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Non-Fish Focused Fine Dining with Ambience?

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Non-Fish Focused Fine Dining with Ambience?

sanangel | Mar 14, 2008 06:06 PM

A Question About High-End Dining in NYC

Dearest Big Apple Hounds,

First off, I would like to ask for your forgivness in advance if the
question I'm about to ask is stupid and the answer obvious -- though
I'm a great lover of food, I'm by no means a refined epicurean
gastronomist (..yet). I'm simply a fledgling foodie and junior
chowhound, pursuing gustatory delights on a part-time basis, and doing
my best to eat as well as possible within my means. That said,
there's still a lot to learn, and today's question is indeed part of
the learning process.

So, here's the thing: about a month ago, I decided to look into
making a dinner reservation for my girlfriend's birthday at one of the
city's more celebrated fine-dining establishments. As the two of us
are recent arrivals to this grand mass of concrete and steel (having
moved from L.A. in August of 07), we were only partially familiar with
some of the more famous local culinary destinations -- we hadn't heard
of Per Se, per se. And so we took it upon ourselves to do a bit of
online research, consulting the usual guides for guidance -- Gayot,
Zagat, Citysearch, OpenTable, this website, etc. -- and we came away
with a list of over 20 contenders for the coveted birthday reservation.

If interested, restaurants on the list included such places as Daniel,
Bouley, Danube, Gramercy Tavern, One If By Land, Cafe Boulud, Le
Bernardine, Le Cirque, Petrossian, Picholine, Del Posto, Kittichai,
etc..

Once compiled, we decided it would be a good bet to take a peek at
each restaurant's dinner menu (ah, the glories of the digital age!) to
narrow down the competition, and to further excite ourselves for the
wonderful dinner ahead. What we discovered by doing this took us a
little by surprise: fancy NY restaurants are all fish-happy! They're
essentially "seafood restaurants." Now, to be clear, I don't mean to
say these fine establishments are glorified "Red Lobsters." Not at
all. But it must be said that, in most every case, fish and shellfish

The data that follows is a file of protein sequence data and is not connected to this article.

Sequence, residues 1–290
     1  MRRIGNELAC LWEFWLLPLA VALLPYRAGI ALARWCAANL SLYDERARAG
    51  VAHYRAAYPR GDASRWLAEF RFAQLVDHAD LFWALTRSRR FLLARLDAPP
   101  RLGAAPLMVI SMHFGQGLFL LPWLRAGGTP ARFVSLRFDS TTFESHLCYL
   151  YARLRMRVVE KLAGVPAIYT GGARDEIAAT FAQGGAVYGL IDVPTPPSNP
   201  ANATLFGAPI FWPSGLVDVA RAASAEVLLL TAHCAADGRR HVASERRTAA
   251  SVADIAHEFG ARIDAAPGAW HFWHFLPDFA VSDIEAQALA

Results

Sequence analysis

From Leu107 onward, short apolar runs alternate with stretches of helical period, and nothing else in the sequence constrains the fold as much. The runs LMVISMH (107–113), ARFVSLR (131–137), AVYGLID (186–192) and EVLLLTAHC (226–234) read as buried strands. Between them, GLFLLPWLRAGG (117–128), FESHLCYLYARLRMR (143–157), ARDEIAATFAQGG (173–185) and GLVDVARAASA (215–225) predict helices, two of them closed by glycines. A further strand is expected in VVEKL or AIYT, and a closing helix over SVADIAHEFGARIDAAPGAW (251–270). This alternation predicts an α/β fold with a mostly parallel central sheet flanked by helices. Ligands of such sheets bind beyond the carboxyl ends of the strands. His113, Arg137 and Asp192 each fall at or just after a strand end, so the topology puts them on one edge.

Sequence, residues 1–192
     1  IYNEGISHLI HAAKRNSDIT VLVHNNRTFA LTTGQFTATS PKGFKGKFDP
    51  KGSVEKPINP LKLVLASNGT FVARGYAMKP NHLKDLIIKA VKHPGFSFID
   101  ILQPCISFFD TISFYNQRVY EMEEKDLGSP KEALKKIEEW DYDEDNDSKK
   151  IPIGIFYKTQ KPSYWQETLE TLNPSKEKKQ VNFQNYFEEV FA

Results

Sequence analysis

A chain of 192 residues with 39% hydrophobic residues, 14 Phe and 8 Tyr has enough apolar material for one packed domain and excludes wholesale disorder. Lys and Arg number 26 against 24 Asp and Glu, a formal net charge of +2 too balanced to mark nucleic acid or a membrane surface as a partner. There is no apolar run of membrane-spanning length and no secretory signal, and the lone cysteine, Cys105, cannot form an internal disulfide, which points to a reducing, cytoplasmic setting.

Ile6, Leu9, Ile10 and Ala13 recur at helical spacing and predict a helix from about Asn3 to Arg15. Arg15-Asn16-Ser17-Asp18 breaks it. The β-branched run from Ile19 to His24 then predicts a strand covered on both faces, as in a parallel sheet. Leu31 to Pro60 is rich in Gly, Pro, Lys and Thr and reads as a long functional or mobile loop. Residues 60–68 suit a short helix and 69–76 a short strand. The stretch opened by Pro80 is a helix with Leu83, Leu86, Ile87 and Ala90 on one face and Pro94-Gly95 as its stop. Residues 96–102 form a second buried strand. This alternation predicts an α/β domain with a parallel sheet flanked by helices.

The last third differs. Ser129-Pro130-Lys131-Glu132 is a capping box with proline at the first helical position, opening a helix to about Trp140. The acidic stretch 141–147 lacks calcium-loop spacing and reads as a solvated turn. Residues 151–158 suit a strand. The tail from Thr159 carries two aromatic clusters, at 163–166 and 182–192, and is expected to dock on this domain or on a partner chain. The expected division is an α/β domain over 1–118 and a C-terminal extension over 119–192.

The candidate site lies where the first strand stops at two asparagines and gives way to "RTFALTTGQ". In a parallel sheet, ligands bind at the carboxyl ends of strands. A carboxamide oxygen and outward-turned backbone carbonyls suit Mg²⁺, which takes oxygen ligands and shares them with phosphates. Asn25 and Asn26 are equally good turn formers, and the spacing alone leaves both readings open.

dominate the menu.

These, it seems, are the stars of high-end dining in the city:

Fluke
Grouper
Sea Urchin
Snapper
Chilean Sea Bass
Skate
Cod
Monkfish
Scallops
Clams
Lobster
Kampachi

..and of course, Salmon.

My question then, is: why is this? And, as a bonus question: where's the beef?!

Why are there so few land animal offerings, and so many from the sea?
A menu may boast 8 preparations of various fish, and only 1 beef (or
veal) entree, 1 chicken entree (often there's no chicken at all), and
perhaps 1 pork or wild game dish. I had originally thought my girlfriend
and I would do the tasting menu at Bouley, until I saw just how promenintely
fish featured -- my girlfriend is not seafood friendly in the least, so that killed
it for us. At most any of these restaurants, she'd have but a few choices.

I know there are a number of good steakhouses in the city where we could satisfy any red meat cravings we might have, but I'm curious as to why many of the city's best restaurants have a much greater selection of fish.

My guess? The proximity of the ocean.

Is the answer really that simple? That NYC fishmongers pull in too many delectable sea creatures to focus on anything else? Seems likely, but perhaps there's more to it.

The majority of the restaurants I looked into were French, so perhaps that's the other part of the equation -- although I guess I never realized French cuisine was sooo fish-intensive.

If anyone can recommend a non fish-centric fine dining restaurant (money no object) that's NOT a steakhouse (prefer something French or Mediterranean) -- and with charm and ambience -- please let me know. We still have a birthday dinner to schedule!

So, this post is way too long for such a silly question, but perhaps it will yield some interesting answers... Thanks in advance for any and all thoughts on the subject.

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